Mr. Monette’s comments on PSAB’s operations, certain key files and stakeholder concerns, and international matters included the following:

  • Operations
    • PSAB is now at a full and appropriate capacity, resolving the overall resource concerns, which have been expressed over the prior two years.
    • PSAB’s 2017-2020 Strategic Plan was approved by the Board in March 2016, and it is posted on PSAB’s website for stakeholder comment for a five-month exposure period.  
    • PSAB’s Public Sector Accounting Discussion Group held a meeting on March 3, 2016, during which it discussed, inter alia, professional judgment and the definition of government in relation to First Nations’ trusts.
    • A stakeholder survey is currently posted online and has also been sent to a broad range of stakeholders for their input.
  • Key files and stakeholder concerns
    • The Employment Benefits Task Force held its first meeting in March 2016. The first phase of the project is to develop an invitation to comment that addresses the deferral provisions in the current employment benefits standards.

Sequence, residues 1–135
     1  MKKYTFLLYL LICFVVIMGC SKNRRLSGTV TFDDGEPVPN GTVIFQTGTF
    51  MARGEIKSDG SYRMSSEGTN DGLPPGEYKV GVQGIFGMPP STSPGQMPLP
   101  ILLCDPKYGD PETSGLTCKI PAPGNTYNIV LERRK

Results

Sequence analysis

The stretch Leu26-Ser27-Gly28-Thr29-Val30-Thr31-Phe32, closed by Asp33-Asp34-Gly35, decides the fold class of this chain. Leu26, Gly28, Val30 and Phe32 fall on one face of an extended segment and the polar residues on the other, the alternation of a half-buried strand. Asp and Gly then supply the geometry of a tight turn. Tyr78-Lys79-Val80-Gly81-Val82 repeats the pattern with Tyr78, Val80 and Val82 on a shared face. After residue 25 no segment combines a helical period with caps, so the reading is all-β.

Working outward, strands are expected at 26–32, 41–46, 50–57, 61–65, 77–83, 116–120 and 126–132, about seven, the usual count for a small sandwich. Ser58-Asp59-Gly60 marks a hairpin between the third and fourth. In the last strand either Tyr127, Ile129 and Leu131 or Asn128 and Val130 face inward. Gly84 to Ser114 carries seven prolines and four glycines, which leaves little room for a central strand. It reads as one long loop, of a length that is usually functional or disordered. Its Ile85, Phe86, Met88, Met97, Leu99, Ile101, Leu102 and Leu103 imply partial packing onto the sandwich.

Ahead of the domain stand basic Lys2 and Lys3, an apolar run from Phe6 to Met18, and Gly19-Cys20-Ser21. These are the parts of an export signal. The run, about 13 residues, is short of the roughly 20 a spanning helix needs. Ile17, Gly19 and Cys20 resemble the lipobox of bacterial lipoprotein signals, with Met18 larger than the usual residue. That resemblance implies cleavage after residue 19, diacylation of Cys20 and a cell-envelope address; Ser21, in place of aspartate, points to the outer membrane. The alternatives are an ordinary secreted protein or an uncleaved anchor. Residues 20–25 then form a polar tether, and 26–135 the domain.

• A task force to assist PSAB in addressing accounting for public private partnerships held its first meeting in April 2016.
    • Contact with the Aboriginal Finance Officers Association is planned in order to develop a further understanding of the Indigenous community’s use of public sector accounting standards. A financial professional from the Indigenous community has been recruited as a member of the Public Sector Accounting Discussion Group.